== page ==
Risk of contagion continues to decrease

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In Euroland, summer rest begins. Following the European elections and the filling of government positions in the EU, Italy has also recently brought some relief. This is reflected in the Euro Break-up Index, which at 8.9 points once again falls below the 10 percent threshold. The easing is even more visible in the index, which measures the risk of contagion. This one marks a new three-year low.


The summer slump on the European political stage can also be felt in the EBI. The rapid agreement in poker on the appointment of EU and ECB leaders has led to a slight smoothing of the worries among investors about the Euro zone. This can be seen in many ways: On the one hand, the Euro Break-up Index is once again moving in the single-digit range, thus oscillating unobtrusively in its narrow range between 7.9 and 10.5 points, which it formed in 2019. The temporary hint of a renewed political escalation in Italy also seems to have vanished, with the subindex for Italy falling back from 8.2 points to 6.7 points.

sentix Euro Break-up Index: Contagion Risk

sentix Euro Break-up Index: Contagion Risk

Even more striking is the decline in the index, which measures the risk of contagion from potential exit candidates from the euro zone. The index drops to a three-year low of 29.2 points. This makes the danger of a leapfrogging of exit risks to other countries less likely, which should therefore also further favour the convergence of bond yields on the euro government bond markets.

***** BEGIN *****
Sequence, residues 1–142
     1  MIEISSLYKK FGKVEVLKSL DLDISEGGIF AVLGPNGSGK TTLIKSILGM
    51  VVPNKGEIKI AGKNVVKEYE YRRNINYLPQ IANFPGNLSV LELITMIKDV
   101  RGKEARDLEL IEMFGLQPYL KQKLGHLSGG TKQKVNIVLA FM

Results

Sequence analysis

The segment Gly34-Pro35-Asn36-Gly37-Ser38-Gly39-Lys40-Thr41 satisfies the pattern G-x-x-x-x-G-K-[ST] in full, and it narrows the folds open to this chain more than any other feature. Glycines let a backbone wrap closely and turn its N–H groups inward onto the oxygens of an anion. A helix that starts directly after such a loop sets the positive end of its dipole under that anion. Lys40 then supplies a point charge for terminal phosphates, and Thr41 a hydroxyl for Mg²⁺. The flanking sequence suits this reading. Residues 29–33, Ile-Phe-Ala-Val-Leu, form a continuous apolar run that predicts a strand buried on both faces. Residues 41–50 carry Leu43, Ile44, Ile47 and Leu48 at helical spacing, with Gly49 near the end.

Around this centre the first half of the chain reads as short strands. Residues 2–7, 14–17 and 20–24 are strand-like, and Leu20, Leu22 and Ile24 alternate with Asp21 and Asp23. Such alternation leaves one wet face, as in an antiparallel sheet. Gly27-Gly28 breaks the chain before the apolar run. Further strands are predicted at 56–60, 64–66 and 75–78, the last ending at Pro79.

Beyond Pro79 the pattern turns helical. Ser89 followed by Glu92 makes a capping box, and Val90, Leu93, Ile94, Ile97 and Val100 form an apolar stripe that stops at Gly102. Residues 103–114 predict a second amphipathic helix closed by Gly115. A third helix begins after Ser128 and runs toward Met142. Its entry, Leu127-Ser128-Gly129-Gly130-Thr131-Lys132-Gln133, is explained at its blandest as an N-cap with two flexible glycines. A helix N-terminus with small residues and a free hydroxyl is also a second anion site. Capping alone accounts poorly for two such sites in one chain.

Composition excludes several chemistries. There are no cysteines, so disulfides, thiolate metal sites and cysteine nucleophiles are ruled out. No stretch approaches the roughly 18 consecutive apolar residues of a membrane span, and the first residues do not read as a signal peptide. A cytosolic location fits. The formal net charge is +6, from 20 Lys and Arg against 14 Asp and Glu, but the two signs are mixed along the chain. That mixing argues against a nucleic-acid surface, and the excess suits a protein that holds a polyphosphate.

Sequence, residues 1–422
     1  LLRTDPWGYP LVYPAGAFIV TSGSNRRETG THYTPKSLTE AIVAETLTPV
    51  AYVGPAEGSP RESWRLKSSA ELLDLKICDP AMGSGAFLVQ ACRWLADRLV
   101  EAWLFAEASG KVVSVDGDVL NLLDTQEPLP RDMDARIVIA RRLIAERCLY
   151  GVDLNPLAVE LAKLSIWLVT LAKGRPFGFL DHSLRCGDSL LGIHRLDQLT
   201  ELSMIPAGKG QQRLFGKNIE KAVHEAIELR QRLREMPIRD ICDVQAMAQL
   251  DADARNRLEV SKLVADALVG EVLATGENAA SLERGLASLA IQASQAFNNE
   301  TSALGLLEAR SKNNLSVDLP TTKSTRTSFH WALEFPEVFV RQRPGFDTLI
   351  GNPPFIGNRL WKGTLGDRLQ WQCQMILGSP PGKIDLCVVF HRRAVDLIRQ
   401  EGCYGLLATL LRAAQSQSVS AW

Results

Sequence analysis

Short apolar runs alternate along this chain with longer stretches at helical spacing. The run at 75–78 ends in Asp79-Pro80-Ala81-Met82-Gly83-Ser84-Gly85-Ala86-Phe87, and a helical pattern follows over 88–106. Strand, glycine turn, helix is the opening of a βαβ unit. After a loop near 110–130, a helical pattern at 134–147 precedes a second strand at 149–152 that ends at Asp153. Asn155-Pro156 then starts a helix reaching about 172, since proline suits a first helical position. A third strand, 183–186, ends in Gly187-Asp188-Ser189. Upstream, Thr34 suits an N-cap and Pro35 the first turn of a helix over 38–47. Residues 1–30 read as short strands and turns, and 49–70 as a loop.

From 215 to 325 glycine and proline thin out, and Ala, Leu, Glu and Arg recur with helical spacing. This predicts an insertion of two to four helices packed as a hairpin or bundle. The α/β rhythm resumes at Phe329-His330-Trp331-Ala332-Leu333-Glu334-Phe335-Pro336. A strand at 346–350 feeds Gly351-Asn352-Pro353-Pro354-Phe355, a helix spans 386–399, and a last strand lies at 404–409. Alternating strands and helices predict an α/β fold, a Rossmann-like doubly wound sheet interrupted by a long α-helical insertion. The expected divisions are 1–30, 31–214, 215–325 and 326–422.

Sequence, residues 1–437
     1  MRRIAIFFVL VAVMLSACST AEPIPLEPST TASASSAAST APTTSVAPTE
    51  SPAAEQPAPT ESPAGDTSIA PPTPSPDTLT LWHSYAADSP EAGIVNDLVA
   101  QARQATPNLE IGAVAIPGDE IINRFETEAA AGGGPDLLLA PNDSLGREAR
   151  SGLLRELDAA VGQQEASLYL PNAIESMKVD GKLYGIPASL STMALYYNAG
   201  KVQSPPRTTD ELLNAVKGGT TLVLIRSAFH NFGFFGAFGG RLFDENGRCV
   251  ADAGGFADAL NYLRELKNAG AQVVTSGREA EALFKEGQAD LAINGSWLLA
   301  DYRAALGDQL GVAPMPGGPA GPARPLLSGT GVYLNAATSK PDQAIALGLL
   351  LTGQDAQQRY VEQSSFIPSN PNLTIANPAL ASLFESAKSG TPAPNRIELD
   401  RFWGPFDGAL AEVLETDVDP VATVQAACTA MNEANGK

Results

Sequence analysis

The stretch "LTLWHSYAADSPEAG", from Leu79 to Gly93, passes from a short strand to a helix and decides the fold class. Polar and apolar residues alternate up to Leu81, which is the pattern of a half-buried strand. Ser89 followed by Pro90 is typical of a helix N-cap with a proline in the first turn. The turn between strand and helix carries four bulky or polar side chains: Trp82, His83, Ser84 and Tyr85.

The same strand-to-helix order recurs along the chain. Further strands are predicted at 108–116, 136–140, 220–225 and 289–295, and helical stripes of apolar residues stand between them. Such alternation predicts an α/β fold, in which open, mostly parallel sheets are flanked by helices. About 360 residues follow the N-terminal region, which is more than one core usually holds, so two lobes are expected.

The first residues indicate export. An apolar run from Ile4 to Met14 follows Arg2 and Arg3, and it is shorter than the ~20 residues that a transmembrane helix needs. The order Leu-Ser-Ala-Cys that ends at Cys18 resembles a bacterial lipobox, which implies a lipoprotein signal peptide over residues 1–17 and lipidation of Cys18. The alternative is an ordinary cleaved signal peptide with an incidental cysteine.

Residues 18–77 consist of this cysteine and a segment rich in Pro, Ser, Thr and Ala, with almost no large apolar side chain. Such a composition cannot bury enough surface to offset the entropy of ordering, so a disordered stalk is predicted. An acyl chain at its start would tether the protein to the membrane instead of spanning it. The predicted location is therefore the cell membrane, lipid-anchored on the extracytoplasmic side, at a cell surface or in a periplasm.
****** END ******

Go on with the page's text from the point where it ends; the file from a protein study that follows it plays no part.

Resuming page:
Background

The sentix Euro Breakup Index is published on a monthly basis and was launched in June 2012. Its poll is running for two days around the fourth Friday of each month. Results are regularly published on the following Tuesday morning. Survey participants may choose up to three euro-zone member states of which they think they will quit the currency union within the next twelve months. Further details on the sentix Euro Breakup Index can be found on http://ebr.sentix.de.

This month’s reading of 8,9% means that currently, this percentage of all surveyed investors expect the euro to break up within the next twelve months. The EBI has reached its high at 73% in July 2012 and touched its low at 6.3% in April, 2018.

The current poll in which about 1.000 institutional and retail investors participated was conducted from July 25th to July 27th, 2019.

 

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